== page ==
3. The Integration Phase

During this stage the survivor begins to integrate the assault into her life. It is no longer the central focus or profound disruption that it was previously. Survivors tell us that the incorporation of effective and healthy coping strategies into their lives is an important part of this phase. A good support system of friends, family, advocates and/or mental health professionals helps the survivor to deal with the impact of the sexual assault. It is not uncommon to still suffer from flashbacks, but with good support systems it is possible to effectively work through these incidents without it taking over a survivor's life again.

Remember each survivor's healing process is unique. Survivors tell us they sometimes experience more than one stage at a time, or do not follow the sequence of phases outlined above. Healing is an individual and life long process. While it may not be possible to forget what happened, the pain will begin to subside with time.

Beginning to Heal

Survivors tell us It's common to feel like you're going crazy after an assault, but you're not crazy. It's OK to feel confused and overwhelmed by what has happened, remember you just suffered a major trauma. This is a normal part of the healing process, and it will pass with time.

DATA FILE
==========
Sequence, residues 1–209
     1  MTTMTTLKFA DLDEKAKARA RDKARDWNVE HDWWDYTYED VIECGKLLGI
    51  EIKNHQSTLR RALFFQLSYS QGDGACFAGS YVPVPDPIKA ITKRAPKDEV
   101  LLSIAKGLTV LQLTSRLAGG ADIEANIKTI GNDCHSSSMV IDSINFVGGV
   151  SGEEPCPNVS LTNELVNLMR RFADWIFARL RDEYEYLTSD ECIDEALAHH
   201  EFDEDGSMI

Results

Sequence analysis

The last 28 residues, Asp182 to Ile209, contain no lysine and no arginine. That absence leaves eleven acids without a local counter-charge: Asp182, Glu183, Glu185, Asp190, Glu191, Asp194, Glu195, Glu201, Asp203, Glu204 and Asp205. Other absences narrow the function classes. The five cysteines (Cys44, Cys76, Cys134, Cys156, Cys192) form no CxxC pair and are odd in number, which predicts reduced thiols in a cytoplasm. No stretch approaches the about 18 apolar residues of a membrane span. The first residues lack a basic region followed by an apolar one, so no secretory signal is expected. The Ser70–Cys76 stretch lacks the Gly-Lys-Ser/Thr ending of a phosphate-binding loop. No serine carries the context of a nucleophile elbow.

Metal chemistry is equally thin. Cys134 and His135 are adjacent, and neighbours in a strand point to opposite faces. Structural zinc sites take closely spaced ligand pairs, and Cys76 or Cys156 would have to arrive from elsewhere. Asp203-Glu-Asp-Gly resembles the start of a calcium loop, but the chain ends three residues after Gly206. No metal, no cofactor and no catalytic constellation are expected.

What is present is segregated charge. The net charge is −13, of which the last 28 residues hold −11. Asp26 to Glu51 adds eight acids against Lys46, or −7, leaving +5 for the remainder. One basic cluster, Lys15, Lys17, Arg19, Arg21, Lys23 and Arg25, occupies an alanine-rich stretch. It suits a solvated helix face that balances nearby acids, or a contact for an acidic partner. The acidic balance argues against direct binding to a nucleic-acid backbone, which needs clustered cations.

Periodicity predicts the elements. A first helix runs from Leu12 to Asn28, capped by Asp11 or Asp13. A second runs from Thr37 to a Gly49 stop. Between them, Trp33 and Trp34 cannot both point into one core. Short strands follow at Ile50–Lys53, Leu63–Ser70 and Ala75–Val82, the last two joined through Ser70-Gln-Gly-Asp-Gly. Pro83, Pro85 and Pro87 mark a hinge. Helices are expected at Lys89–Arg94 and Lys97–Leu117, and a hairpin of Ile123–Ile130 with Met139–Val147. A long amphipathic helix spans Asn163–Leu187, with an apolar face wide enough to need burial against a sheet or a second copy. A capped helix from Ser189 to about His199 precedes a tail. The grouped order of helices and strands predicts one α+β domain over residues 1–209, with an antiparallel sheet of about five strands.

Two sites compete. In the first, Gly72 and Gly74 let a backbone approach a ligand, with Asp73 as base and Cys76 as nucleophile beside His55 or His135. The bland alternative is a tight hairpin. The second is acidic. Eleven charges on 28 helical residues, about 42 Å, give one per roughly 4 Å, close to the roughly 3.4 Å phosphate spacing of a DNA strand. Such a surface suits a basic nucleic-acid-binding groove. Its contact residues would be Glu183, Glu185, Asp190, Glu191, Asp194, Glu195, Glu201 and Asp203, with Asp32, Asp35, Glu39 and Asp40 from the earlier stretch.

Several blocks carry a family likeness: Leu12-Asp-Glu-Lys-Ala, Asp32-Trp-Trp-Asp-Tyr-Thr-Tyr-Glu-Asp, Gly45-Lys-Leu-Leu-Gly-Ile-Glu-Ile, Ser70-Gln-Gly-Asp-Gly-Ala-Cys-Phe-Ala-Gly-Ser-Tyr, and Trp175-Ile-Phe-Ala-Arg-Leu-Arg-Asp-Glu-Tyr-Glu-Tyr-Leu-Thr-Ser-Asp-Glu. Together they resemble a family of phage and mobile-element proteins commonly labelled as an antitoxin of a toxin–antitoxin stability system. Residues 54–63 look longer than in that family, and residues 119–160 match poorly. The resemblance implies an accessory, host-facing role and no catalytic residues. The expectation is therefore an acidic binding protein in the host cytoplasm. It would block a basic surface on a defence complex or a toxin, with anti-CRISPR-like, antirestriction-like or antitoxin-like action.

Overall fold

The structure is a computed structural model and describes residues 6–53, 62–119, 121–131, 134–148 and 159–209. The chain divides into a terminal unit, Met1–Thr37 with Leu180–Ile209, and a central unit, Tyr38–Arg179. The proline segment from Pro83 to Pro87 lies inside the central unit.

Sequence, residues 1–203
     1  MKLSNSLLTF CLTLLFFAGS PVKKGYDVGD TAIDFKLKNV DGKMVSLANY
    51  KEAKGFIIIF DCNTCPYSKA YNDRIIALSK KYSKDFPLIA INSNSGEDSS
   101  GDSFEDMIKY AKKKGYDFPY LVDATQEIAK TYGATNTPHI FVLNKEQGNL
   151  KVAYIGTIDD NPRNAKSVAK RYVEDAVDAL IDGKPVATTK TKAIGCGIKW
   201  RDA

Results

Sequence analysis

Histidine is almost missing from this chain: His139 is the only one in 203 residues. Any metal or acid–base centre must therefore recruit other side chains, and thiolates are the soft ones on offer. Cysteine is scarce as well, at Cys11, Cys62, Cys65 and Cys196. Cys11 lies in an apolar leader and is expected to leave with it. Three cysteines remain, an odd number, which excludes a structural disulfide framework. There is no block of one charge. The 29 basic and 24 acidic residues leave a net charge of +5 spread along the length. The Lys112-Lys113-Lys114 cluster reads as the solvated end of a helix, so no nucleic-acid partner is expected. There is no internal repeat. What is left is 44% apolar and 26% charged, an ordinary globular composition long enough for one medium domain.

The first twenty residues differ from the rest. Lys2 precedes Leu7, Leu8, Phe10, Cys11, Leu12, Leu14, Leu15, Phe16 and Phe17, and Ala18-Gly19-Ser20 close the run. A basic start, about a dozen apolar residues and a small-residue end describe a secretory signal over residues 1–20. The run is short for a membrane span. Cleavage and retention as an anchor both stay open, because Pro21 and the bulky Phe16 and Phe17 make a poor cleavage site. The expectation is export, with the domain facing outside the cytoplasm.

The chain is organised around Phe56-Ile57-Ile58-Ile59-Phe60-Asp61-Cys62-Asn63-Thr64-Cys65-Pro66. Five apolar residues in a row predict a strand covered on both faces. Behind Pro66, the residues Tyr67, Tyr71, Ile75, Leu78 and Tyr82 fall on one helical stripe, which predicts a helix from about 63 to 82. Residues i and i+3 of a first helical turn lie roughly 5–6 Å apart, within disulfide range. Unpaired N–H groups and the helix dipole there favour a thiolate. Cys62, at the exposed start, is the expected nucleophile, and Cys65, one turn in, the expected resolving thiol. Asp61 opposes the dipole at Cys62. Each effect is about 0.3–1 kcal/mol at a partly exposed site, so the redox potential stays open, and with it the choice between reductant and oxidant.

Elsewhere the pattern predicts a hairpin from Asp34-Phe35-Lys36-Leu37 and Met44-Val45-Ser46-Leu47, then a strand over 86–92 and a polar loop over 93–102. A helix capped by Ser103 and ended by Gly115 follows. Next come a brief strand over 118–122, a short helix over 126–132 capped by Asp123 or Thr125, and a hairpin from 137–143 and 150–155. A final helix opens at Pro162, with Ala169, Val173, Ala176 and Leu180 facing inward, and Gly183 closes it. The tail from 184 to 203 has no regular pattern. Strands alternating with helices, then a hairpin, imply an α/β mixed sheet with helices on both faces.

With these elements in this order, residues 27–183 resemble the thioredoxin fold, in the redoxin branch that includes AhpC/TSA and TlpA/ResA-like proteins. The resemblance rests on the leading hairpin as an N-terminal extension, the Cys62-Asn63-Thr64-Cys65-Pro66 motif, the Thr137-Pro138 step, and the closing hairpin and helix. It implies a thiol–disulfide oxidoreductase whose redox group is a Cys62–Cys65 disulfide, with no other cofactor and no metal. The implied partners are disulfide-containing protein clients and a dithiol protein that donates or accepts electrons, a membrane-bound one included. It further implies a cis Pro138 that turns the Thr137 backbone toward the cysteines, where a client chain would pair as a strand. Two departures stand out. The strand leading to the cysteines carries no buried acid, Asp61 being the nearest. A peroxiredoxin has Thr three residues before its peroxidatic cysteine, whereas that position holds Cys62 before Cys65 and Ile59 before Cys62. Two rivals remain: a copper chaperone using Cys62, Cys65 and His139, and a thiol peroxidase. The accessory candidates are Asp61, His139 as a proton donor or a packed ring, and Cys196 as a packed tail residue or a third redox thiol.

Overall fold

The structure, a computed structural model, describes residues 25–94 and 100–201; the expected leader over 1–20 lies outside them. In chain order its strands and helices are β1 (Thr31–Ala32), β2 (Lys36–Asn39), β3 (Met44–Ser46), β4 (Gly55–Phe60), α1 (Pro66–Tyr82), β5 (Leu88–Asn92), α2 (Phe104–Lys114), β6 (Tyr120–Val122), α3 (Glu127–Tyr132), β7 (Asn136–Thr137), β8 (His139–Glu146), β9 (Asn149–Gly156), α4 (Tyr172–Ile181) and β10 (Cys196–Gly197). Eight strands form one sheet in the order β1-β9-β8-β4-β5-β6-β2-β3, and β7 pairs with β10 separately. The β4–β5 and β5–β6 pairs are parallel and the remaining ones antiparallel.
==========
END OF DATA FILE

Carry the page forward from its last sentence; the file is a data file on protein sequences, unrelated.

Build a support network. You can never have too much support. When you're ready to talk, contact an advocate, counselor, supportive family member or trusted friend. Some survivors benefit from joining a support group as a part of their healing process. Contact CARDV for more information on times and locations.

Use healthy coping. Going for a walk, talking to an advocate, or spending time with safe people can help to lessen some of the stress.

Simplify your life. Consider dropping any activities that add to your workload or cause additional stress in your life. Spending more time with supportive people, and minimizing your contact with people or situations that may be hurtful is important. You are healing emotionally from a major trauma; this same advice is often given to people recovering from a physical trauma or surgery.

Reach out for help. It's normal to need extra support in the middle of a crisis. If you are feeling suicidal or wanting to self-harm, it is OK to talk about it. You deserve to live, and be healthy. Call the CARDV Hotline 541-754-0110 or 1-800-927-0197, Benton County Mental Health at (541) 766-6844 or 1-888-232-7192 or Linn County Mental Health at 1-800-304-7468.

Be patient. Healing takes time, so be gentle with yourself. It's easy to get frustrated with the healing process; you may feel like you're on an emotional roller coaster for a while. Dealing with a crisis is exhausting, and you will feel its effects for a while.

Adapted from resources at Oregon State University Sexual Assault Support Services
and The Courage to Heal (Davis & Bass).